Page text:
Ask Our Doctors: 50 Questions from 50 States
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The Doctors go coast to coast to answer health questions from all 50 states!

Living Healthily

 • A quartet of dancers from the MGM Grand's Crazy Horse Paris ask The Doctors for recommendations on how to stay in great shape.

• Kayla from Crawfordsville, Indiana is 23 years old and weighs more than 250 pounds. She is considering undergoing between getting gastric-bypass surgery or the lap-band surgery in Mexico, because it is less expensive. Is it safe

Winter Health
• This will be my first winter in the "Last Frontier," and I'm curious about the difference between frostbite and frostnip. When should I worry? -- Colleen from Juneau, Alaska

E.R. physician Dr. Travis Stork explains the difference between frostbite and frostnip.

• In a dry climate, can you get as dehydrated during the winter as you can during the summer? -- Carlos from Phoenix, Arizona

Dr. Travis explains why dehydration occurs and why you need to take precautions in the winter.


• What are some good foods to ward off winter health ailments? -- Michigan

Citrus fruits, probiotics, pumpkin, garlic, mushroom, broccoli, green tea, fish and blueberries can help fight winter sicknesses.

• Why does my psoriasis worsen in the winter? -- Rhode Island

Psoriasis, a common skin disorder that causes irritation and redness, can worsen in the winter because of the drier air and lower levels of exposure to the sun's ultraviolet rays.

Quick Hits

From Minnesota, to Illinois to Georgia, The Doctors answer questions about snoring, migraines, body odor and more!


Vitamins


Are vitamins safe for children? What's the daily dose for adults? Get your answers here!

Hives
• Last year, right before finals, I got hives. I was on two different histamine blockers. Could it have been stress? -- Shayla from Wichita, Kansas

Dr. Lisa explains what may have caused Shayla's hives.

• Are hives contagious? -- Kentucky

No, hives, which are swollen and often itchy welts on the surface of the skin, are usually an allergic reaction, but even if they are caused by a virusl, they are still not contagious.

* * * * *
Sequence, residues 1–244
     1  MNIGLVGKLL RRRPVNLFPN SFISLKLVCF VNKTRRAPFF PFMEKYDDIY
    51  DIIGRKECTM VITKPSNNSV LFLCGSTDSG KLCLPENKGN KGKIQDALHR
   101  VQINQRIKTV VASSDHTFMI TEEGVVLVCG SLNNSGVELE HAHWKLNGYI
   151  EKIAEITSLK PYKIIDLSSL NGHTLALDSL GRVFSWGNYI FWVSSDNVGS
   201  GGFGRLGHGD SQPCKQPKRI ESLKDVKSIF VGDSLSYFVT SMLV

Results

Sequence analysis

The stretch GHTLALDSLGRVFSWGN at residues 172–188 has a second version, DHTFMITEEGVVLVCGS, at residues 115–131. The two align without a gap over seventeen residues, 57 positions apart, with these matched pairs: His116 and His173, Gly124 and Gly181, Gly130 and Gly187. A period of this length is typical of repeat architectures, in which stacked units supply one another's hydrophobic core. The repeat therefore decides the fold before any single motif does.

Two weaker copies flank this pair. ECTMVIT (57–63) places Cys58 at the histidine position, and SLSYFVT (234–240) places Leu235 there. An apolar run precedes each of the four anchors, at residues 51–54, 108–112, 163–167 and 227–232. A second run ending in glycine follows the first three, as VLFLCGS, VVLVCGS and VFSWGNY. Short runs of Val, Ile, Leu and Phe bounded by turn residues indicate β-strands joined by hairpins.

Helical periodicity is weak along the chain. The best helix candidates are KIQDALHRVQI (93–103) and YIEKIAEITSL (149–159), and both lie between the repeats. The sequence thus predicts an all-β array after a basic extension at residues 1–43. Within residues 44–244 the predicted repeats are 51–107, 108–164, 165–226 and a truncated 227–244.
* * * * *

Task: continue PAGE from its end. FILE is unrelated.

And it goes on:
Pap Smears
• How often should women get pap smears? -- Arkansas

Women should get a pap smear every one to three years, depending on their age and medical history.

• Is there a male equivalent to a pap smear? -- Comedienne Kathy Griffin, from the red carpet in California

Yes there is, and Dr. Lisa shares the answer.


Breastfeeding
• My second daughter was born four weeks ago and has not gained any weight since she was discharged from the hospital. I'm breastfeeding her. Could my breast milk be deficient? - Stephanie from Cranford, New Jersey

Myth or Reality?

The Doctors play a game of Myth or Reality with questions from Oklahoma, Virginia, Oregon and Tennessee!


True or False?


The Doctors answer true or false questions from Washington, Maryland, Vermont and Iowa.

Most newborns will lose a few ounces right after birth, but it is important that they regain the lost weight within a week or, at longest, two weeks of age, pediatrician Dr. Jim Sears explains.

"Your baby is already four weeks old and hasn't regained [the weight she's lost since birth], and I'm worried about that," he says. "First off, you need to make sure your doctor is checking the baby. Make sure the baby looks OK, and then your doctor and maybe a lactation consultant can check your milk supply by pumping [the breasts] or weighing the baby before and after feeding, to see if you're making enough milk. If you aren't, we may want to supplement with a little formula, just to get the baby back up to birth weight, because it's really important that she does that to stay healthy."

• I have noticed that after breastfeeding my son, I had a dramatic decrease in breast volume. Now, when I finish breastfeeding my daughter, I have a feeling I'll have the same problem. Is there anything I can do to fix that without having breast implants? --Christina from Houston, Texas

Plastic surgeon Dr. Drew Ordon explains Christina's options to restore her breasts.


Flu and Pneumonia
• Can you be a flu carrier and not get sick? -- Diane from Wilmington, Delaware

You can be a carrier of the flu virus without having any symptoms. E.R. physician Dr. Travis Stork says that if you are not showing symptoms of the flu, chances are unlikely that you will pass it on to others.

Reduction or Implant?

For uneven breasts, is reduction better than one implant? -- West Virginia

Choosing between a reduction and an implant depends on the desired size of the breast.


Sexual Health

Can I have a sexually transmitted disease and not show any symptoms? -- South Dakota